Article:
US$270 million Honolulu Airport Mauka concourse opened, Hawaii

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The Honolulu Airport Mauka concourse in Hawaii has been opened after over 3 years of construction. The 230,000 square foot concourse has enough room for 11 narrow-body gates or six wide-body gates. Construction of the US$270 million concourse began in 2018 and is the first major gate expansion in the airport since the first terminal that opened in 1993. The new concourse not only reduces congestion at peak travel times, but also adds six new Transportation Security Administration lanes which brings the total number of checkpoint lanes in Terminal 1 to 10, allowing passengers to get through entry lines more quickly, and in less-crowded conditions.

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Additionally, new eco-friendly design elements such as windows and skylights will make the best use of natural light, high-performance building envelope to reduce solar heat gain, LED lighting, and ventilation shafts to direct air conditioning at the human level instead of cooling the whole structure. Hawaii Department Of Transportation is on track to receive Leadership in Energy and Environmental Design (LEED) Certification from the U.S. Green Building Council, continuing the Department’s commitment to improving the sustainability of transportation.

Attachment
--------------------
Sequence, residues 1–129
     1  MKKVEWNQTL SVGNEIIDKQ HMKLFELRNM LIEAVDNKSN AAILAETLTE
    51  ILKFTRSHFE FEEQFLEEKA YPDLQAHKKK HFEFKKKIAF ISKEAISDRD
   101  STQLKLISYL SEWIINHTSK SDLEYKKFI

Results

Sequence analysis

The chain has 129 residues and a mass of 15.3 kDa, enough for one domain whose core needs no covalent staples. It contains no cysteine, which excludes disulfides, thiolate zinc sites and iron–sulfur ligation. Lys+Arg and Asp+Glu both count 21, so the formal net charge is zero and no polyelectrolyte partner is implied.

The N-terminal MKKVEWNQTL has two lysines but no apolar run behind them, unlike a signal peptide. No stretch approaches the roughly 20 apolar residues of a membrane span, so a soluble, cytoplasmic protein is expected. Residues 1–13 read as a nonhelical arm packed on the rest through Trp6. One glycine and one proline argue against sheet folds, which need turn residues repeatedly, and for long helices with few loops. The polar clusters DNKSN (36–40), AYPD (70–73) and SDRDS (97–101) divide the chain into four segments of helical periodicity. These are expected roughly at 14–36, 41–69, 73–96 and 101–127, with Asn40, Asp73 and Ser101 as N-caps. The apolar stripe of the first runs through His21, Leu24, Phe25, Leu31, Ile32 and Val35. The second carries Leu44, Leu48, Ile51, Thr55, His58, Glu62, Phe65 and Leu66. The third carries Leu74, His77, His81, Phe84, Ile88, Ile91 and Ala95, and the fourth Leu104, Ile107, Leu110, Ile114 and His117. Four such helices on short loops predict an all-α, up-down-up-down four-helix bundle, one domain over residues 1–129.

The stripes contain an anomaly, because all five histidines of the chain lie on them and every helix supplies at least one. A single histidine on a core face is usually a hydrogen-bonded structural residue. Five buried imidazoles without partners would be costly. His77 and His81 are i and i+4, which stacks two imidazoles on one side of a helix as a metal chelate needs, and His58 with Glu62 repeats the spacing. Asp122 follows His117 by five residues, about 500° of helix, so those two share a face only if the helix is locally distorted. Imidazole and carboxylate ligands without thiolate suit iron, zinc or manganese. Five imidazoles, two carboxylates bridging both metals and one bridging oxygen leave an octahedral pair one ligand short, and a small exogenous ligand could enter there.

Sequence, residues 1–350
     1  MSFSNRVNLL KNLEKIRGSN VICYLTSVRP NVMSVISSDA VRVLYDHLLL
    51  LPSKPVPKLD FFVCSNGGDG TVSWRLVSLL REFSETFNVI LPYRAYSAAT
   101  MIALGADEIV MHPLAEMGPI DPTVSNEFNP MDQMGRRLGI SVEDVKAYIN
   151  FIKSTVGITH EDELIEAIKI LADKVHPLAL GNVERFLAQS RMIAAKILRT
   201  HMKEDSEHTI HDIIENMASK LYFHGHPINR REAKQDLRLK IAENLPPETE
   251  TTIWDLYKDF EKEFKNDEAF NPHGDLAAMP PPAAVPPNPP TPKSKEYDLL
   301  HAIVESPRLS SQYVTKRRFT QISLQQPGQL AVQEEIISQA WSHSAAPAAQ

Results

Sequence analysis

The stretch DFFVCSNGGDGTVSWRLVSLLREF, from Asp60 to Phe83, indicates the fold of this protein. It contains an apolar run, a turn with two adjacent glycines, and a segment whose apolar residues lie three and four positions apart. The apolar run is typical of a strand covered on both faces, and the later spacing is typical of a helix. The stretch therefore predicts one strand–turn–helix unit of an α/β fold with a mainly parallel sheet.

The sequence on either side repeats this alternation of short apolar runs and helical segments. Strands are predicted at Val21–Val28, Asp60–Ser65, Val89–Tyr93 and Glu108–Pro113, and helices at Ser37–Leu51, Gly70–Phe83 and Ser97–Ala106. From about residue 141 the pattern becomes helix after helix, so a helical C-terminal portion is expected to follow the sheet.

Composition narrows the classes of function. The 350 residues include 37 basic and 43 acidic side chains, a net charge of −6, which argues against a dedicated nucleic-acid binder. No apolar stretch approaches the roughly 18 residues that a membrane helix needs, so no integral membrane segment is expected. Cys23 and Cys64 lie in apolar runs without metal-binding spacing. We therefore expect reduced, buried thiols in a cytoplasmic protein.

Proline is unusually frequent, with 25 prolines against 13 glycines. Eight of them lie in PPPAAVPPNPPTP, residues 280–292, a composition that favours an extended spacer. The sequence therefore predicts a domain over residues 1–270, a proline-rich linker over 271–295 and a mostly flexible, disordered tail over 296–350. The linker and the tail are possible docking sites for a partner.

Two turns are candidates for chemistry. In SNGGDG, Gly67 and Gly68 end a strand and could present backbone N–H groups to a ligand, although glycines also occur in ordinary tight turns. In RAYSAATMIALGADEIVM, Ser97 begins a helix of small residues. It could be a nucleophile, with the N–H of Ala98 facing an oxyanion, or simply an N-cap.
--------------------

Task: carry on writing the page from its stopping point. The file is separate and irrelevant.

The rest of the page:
“The Mauka Concourse is one of the original long-term projects identified in the Hawai‘i Airport Modernization Program and is the first major expansion since Terminal 1 was built in the 1990s. We appreciate the support of our partners as HDOT works on the continual process of improving and maintaining airports statewide,” explained Jade Butay, the Hawaii Department of Transportation Director.

“The Mauka Concourse will offer an improved experience for Kamaaina travelers and visitors, our employees and all other airport users. In addition to helping relieve congestion at HNL, the concourse’s modern and versatile gates can accommodate both our narrow-­body and wide-body aircraft, which brings more flexibility and efficiency across our neighbor island and trans-­Pacific operations and ultimately benefits travelers.”

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